From 1876 to 1881, Sir Arthur Doyle attended Bell's courses at the university and worked under Bell as an assistant during Doyle's studies, a "Dr. Watson" if you will, to Bell. Like Bell's other students, Doyle noted his observational skills, as well as his eagle-like nose and face, and the jerky manner in his gait. (Caused by diphtheria Bell contracted from a patient.) Doyle had been in a creative slump in his writings but gained new inspiration from his time spent with Bell. Joseph Bell became the inspiration for Sherlock Holmes, his character taking on Bell's deductive abilities, jerky movements, and unique mannerisms. He was aware of Doyle's work; Doyle would send him a copy of the Holmes stories once they were published. Bell was flattered by the depiction of him in Doyle's work, but as the press gave him attention, Bell clarified that he was not Sherlock Holmes: “I hope folk that know me to see another and better side to me than what Doyle saw!”
It is safe today that without the incredible Joseph Bell, and Sir Arthur Doyle working with him during his time at the University of Edinburgh, the beloved Sherlock Holmes would not have been conceived, or at the very least, could not have withstood the test of time with countless interpretations and adaptations of such an iconic character.
Sources: The Irish Examiner: Fiction imitates real life in a case of true inspiration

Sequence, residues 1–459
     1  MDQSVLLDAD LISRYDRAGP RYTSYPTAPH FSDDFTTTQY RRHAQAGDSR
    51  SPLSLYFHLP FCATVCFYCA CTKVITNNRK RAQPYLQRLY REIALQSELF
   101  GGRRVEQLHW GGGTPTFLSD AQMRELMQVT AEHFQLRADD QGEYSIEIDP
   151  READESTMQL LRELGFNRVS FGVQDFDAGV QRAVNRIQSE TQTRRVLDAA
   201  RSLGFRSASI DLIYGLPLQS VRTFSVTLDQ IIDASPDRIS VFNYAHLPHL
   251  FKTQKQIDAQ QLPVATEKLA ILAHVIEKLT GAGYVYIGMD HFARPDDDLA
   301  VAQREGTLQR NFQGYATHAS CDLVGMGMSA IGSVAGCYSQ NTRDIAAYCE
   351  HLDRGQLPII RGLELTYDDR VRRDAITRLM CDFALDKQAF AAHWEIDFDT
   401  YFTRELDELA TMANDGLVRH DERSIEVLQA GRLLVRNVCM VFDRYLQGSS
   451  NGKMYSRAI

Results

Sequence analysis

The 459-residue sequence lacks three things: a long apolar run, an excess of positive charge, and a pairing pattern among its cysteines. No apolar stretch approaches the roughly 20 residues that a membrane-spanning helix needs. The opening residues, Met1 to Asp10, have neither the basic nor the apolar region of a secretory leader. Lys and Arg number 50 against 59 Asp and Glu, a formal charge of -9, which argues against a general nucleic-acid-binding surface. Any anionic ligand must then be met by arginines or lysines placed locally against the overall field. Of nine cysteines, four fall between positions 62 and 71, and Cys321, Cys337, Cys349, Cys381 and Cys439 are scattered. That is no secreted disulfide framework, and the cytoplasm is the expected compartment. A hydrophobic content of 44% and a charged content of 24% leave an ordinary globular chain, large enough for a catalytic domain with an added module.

Sherlock Holmes and Dr. Joseph Bell
The Internet has opened a wide net of resources for people to research, find, and gather information across the world, in a way that simply did not exist just a few decades ago. The internet has become a powerful tool for the public and in private investigations, and a way to network and solve cold cases.
The Doe Network is an online resource that lists cold cases of those who have disappeared or are unidentified decedents. The purpose of the network is to help bring any information to the public in the hope that they can be identified or matched. The files detail physical estimations, age approximations, any tattoos or markings, facial reconstruction or pictures, circumstances around the disappearance, any sightings, and recovery. Through volunteers on the internet and private investigators, any information on a potential match can be submitted to the network, which is reviewed by 16 volunteers. Once enough information on a possible match has been gathered, the findings are sent to the appropriate authorities for further investigation. Countless frequent members, from stay-at-home mothers to bankers, factory workers, and waiters by day, spend their evenings scouring endless reports, newspaper articles, and public information to try to identify countless Does.
As of December 2016, The Doe Network has solved 74 cold cases through its network and assistance. There have been many notable cases from their network, such as a man who vanished after telling his employees his desire to go to Texas to become a cowboy and became a ranch worker for 21 years. After crashing a tractor in 2007, an insurance agent assigned to his claim researched information on the gentleman and found his picture on the Doe Network. Several cases have been solved through the network's members' phenomenal memory and research skills, including a member being able to amazingly recall a tattoo they saw on a decedent on the Doe Network when reviewing a missing person report, solving the 4-year-old case, and another member identifying 10-year-old unidentified remains from Maryland, based on the congenital brain condition listed on the autopsy matched a scar on the back of the neck in a missing persons report. A cold case on a victim who was murder two years prior was solved through the network by identifying a unique t-shirt on the body and a family reunion event.